There’s an old definition of an “honest politician” — once they’re bought, they stay bought. And by that standard, the Democrats in Congress are remarkably honest.
The ties between the Democrats and unions go way back. Nearly every penny the unions spend on political campaigns goes to Democrats (regardless of the wishes of their members), and they expect a certain return on their investment. And with the Democrats renewed majority in Congress, they’re getting it.
First off, last spring they tried to push through a “reform” in the union-forming process. In the interest in fair play and honesty and free choice, they wanted to eliminate the secret ballot. No longer could workers express their preferences in private; the unions could simply “persuade” enough of them to sign cards of support. Thank heavens unions have virtually no history of coercion, violence, thuggery, or other such things. Luckily, that one failed.
Now we have another example of the unions wishing to be able to flex their muscle free of any sort of restraint or oversight. In that goal, they’re pushing the Democrats to do something that runs utterly against their instincts — to cut funding for the Department of Labor. More specifically, the Office of Labor-Management Standards. This board — which essentially audits the books of unions and gets them to abide with such pesky things as laws and regulations — recently showed that 94% of the unions it oversees are not in compliance with the laws. As payback, Congress took President Bush’s request for an 11% increase and changed it to a 4% cut.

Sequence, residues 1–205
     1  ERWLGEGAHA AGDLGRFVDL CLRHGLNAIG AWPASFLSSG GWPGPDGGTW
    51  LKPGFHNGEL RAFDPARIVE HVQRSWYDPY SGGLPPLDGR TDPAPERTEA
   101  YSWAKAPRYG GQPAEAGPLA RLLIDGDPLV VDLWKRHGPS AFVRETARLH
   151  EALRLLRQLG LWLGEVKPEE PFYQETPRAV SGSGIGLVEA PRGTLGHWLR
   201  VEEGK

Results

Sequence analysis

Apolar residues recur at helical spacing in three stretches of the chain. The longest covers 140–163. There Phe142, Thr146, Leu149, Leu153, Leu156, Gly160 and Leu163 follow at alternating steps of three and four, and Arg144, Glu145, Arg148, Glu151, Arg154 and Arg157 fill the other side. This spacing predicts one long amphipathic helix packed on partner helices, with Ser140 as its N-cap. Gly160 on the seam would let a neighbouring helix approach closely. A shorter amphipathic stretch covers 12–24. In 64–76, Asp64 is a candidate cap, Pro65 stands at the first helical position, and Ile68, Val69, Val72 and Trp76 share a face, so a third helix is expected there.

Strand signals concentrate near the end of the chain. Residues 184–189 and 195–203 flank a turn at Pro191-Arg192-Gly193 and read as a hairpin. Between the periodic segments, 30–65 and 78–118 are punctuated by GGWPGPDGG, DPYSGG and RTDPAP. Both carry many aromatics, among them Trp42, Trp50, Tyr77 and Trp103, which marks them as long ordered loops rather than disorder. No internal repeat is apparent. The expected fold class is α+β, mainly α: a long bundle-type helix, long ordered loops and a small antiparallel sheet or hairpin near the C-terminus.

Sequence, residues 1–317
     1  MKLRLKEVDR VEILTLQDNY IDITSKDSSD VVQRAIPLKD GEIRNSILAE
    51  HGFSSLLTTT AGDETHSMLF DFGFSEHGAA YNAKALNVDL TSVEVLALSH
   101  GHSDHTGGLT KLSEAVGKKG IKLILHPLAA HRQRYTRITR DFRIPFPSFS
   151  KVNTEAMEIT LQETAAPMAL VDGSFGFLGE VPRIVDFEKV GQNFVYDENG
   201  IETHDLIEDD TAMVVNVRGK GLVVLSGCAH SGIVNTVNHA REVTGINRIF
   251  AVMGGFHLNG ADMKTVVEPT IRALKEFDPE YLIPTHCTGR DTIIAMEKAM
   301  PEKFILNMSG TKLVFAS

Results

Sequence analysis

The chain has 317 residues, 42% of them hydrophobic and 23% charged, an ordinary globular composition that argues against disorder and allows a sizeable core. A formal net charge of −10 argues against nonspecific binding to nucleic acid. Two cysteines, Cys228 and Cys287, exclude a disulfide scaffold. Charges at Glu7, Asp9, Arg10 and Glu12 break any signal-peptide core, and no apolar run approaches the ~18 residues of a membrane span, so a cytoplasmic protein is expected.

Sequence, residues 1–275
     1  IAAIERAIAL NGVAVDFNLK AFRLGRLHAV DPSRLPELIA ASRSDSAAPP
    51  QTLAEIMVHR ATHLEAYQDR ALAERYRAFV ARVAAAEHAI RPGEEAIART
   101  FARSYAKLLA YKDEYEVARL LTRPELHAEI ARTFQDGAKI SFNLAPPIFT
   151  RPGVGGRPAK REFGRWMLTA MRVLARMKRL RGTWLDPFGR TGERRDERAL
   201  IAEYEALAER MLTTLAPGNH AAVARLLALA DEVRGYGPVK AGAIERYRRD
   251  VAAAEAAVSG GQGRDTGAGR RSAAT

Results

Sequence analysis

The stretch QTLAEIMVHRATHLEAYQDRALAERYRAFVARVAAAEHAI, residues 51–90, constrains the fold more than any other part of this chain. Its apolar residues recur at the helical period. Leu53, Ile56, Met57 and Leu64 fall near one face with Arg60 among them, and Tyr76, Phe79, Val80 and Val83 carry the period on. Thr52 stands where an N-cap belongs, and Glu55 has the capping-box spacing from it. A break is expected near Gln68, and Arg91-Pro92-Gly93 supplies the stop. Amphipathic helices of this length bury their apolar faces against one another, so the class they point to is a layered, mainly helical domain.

This is disgusting. This is the government agency whose charge is to make sure that the money that union workers pay into their unions is spent legally. And they are being punished for trying to do their jobs.
I am reminded of something I once read in relation to communism. One author said he was always suspicious of anyone who talked about doing things “for the masses.” He noted that when people are referred to in depersonalized terms, they tend to run roughshod over individuals and their rights.
I think a similar rule holds when leaders — especially union leaders — talk about “workers.”
I am put in mind of the “Reagan Democrats” phenomenon. Back then, the unions were relentless in their opposition to Ronald Reagan, and solidly backed Jimmy Carter and Walter Mondale — but their rank and file was far less monolithic. (Reagan’s firing of the air traffic controllers over their illegal strike did put a dent in that.)
Here again we see a major disconnect between the wishes of the union leadership and the best interests of the union membership. I wonder if this — coupled with union leaders’ opposition to immigration reform, while illegal aliens are literally costing thousands and thousands of union members well-paying jobs — might finally trigger some long-needed reforms in unions.
Or, perhaps, the beginning of the end for unions as we know them.
(Hat tip: Captain Ed)